What are uterine fibroids?
Uterine fibroids are benign (not cancer) growths that develop from the muscle tissue of the uterus. They also are called leiomyomas or myomas. The size, shape, and location of fibroids can vary greatly. They may be inside the uterus, on its outer surface or within its wall, or attached to it by a stem-like structure.
A woman may have only one fibroid or many of varying sizes. A fibroid may remain very small for a long time and suddenly grow rapidly, or grow slowly over a number of years.
Who is most likely to have fibroids?
Fibroids are most common in women aged 30–40 years, but they can occur at any age.
What are symptoms of fibroids?
Fibroids may have the following symptoms:
- Changes in menstruation
- —Longer, more frequent, or heavy menstrual periods
- —Menstrual pain (cramps)
- —Vaginal bleeding at times other than menstruation
- —Anemia (from blood loss)
- —In the abdomen or lower back (often dull, heavy and aching, but may be sharp)- degeneration of fibroid
- —During sex
- —Difficulty urinating or frequent urination
- —Constipation, rectal pain, or difficult bowel movements
- —Abdominal cramps
- Enlarged uterus and abdomen
Fibroids also may cause no symptoms at all. Fibroids may be found during a routine pelvic exam or during tests for other problems.
What complications can occur with fibroids?
Fibroids that are attached to the uterus by a stem may twist and can cause pain, nausea, or fever. Fibroids that grow rapidly, or those that start breaking down, also may cause pain. Rarely, they can be associated with cancer. A very large fibroid may cause swelling of the abdomen. This swelling can make it hard to do a thorough pelvic exam.
Fibroids also may cause infertility, although other causes are more common. Other factors should be explored before fibroids are considered the cause of a couple’s infertility. When fibroids are thought to be a cause, many women are able to become pregnant after they are treated.
How are fibroids diagnosed?
The first signs of fibroids may be detected during a routine pelvic exam. A number of tests may show more information about fibroids:
- Ultrasonography uses sound waves to create a picture of the uterus and other pelvic organs.
- Hysteroscopy uses a slender device (the hysteroscope) to see the inside of the uterus. It is inserted through the vagina and cervix (opening of the uterus).
- Hysterosalpingography is a special X-ray test. It may detect abnormal changes in the size and shape of the uterus and fallopian tubes.
- Laparoscopy uses a slender device (the laparoscope) to help your health care professional see the inside of the abdomen.
Imaging tests, such as magnetic resonance imaging and computed tomography scans, may be used but are rarely needed. Some of these tests may be used to track the growth of fibroids over time.
When is treatment necessary for fibroids?
Fibroids that do not cause symptoms, are small, or occur in a woman who is nearing menopause often do not require treatment. Certain signs and symptoms may signal the need for treatment:
- Heavy or painful menstrual periods that cause anemia or that disrupt a woman’s normal activities
- Bleeding between periods
- Uncertainty whether the growth is a fibroid or another type of tumor, such as an ovarian tumor
- Rapid increase in growth of the fibroid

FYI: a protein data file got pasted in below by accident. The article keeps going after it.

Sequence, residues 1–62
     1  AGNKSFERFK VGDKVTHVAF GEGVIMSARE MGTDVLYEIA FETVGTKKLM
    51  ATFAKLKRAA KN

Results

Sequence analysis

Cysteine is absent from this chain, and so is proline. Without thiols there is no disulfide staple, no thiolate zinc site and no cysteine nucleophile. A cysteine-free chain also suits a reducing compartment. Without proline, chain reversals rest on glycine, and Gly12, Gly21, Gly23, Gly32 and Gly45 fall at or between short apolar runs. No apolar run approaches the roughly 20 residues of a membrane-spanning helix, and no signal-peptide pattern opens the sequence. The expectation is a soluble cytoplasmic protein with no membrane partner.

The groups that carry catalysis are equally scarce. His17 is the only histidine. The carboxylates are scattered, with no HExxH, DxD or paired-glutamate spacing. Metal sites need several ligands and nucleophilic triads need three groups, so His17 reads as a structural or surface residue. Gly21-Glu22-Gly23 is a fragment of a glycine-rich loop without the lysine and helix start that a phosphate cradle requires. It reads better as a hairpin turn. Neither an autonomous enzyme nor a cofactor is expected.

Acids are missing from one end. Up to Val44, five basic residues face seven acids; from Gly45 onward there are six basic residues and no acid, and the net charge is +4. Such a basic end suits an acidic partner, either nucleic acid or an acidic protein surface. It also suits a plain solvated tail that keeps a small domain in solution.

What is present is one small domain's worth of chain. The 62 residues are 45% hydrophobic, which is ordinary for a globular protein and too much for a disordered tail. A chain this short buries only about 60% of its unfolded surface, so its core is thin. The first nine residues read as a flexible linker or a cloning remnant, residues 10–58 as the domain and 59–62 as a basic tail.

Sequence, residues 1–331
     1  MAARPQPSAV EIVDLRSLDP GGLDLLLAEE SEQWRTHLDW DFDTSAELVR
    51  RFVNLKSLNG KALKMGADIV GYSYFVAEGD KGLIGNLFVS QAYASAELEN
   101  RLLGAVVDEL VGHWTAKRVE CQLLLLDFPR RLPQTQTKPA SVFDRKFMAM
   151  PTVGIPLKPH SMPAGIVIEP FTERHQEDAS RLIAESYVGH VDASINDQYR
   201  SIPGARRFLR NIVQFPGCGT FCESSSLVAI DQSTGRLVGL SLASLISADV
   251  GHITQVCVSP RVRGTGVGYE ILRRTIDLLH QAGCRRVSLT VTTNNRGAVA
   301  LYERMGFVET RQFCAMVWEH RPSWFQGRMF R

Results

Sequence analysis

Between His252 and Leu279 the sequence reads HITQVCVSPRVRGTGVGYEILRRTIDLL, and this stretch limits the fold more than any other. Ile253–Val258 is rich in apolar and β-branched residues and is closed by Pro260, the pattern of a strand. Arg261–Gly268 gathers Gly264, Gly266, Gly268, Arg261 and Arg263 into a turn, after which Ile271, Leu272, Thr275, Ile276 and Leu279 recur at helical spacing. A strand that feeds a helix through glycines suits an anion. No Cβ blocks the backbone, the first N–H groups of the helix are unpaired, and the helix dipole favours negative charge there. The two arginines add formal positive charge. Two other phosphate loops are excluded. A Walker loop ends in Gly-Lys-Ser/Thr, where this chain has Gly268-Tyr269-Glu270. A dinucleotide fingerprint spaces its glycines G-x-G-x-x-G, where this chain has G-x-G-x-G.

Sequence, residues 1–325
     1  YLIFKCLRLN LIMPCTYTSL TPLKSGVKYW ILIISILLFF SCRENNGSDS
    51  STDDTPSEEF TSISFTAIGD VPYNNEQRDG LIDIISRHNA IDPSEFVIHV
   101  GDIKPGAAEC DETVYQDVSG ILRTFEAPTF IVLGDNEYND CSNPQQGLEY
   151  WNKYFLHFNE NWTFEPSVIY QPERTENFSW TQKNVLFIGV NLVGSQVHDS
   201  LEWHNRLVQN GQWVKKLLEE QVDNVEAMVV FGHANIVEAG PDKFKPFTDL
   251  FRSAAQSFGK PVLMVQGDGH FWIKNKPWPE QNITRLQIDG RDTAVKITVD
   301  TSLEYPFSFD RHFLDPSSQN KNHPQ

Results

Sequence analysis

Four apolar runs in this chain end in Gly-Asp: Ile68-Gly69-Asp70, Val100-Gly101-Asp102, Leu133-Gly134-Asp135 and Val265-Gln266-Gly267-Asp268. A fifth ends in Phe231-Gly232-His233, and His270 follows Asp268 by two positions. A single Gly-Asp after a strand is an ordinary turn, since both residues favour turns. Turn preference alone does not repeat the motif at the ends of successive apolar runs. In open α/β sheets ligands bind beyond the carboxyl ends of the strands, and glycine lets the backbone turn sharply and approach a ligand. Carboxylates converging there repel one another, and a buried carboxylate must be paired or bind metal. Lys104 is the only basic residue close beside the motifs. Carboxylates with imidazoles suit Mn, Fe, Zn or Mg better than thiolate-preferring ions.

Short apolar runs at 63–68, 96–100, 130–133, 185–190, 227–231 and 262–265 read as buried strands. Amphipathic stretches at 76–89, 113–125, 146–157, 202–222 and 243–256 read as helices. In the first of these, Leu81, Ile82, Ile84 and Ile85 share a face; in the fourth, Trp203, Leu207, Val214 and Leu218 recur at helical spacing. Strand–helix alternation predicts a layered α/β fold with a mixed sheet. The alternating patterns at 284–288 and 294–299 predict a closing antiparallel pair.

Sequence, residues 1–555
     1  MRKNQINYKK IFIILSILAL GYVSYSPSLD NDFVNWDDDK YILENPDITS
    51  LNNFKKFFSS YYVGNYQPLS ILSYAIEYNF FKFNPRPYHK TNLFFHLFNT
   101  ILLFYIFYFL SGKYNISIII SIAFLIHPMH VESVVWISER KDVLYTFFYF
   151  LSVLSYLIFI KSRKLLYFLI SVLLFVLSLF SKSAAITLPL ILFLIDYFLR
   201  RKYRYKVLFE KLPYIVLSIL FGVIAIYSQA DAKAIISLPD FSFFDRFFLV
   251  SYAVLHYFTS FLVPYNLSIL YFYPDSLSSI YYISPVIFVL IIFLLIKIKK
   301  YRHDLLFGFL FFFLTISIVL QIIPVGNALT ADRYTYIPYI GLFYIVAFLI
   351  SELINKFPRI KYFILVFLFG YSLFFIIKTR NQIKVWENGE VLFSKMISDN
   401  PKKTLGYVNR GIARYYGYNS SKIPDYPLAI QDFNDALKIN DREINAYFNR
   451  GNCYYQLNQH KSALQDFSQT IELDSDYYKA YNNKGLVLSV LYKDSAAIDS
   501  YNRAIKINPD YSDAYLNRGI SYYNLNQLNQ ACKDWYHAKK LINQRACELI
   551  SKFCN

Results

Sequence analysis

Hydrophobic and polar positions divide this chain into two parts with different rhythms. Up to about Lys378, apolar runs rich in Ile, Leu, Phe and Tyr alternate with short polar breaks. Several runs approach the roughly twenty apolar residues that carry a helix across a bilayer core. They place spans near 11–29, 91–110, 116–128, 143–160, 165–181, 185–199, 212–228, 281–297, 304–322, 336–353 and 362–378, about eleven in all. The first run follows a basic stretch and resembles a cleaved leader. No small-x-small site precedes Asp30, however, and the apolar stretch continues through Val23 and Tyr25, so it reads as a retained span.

- Pelvic pain
Can medication be used to treat fibroids?
Drug therapy is an option for some women with fibroids. Medications may reduce the heavy bleeding and painful periods that fibroids sometimes cause. They may not prevent the growth of fibroids. Surgery often is needed later. Drug treatment for fibroids includes the following options:
- Birth control pills and other types of hormonal birth control methods—These drugs often are used to control heavy bleeding and painful periods.
- Gonadotropin-releasing hormone (GnRH) agonists (induce menopause temporarily)—These drugs stop the menstrual cycle and can shrink fibroids. They sometimes are used before surgery to reduce the risk of bleeding. Because GnRH agonists have many side effects, they are used only for short periods (less than 6 months). After a woman stops taking a GnRH agonist, her fibroids usually return to their previous size.
- Progestin–releasing intrauterine device (IUD)—Mirena IUD is for women with fibroids that do not distort the inside of the uterus. It reduces heavy and painful bleeding but does not treat the fibroids themselves.
What types of surgery may be done to treat fibroids?
Myomectomy is the surgical removal of fibroids while leaving the uterus in place. Because a woman keeps her uterus, she may still be able to have children. Fibroids do not regrow after surgery, but new fibroids may develop. If they do, more surgery may be needed.
Hysterectomy is the removal of the uterus-no more menses, no need cervical smear. The ovaries may or may not be removed. Hysterectomy is done when other treatments have not worked or are not possible or the fibroids are very large. A woman is no longer able to have children after having a hysterectomy.
Are there other treatments besides medication and surgery?
Other treatment options are as follows:
- Uterine artery embolization (UAE)—In this procedure, tiny particles (about the size of grains of sand) are injected into the blood vessels that lead to the uterus. The particles cut off the blood flow to the fibroid and cause it to shrink. UAE can be performed as an outpatient procedure in most cases done by radiologist. The main side effect is the pain caused by necrosis or degeneration of fibroid.
- Magnetic resonance imaging-guided ultrasound surgery—In this new approach, ultrasound waves are used to destroy fibroids. The waves are directed at the fibroids through the skin with the help of magnetic resonance imaging. Whether this approach provides long-term relief is currently being studied.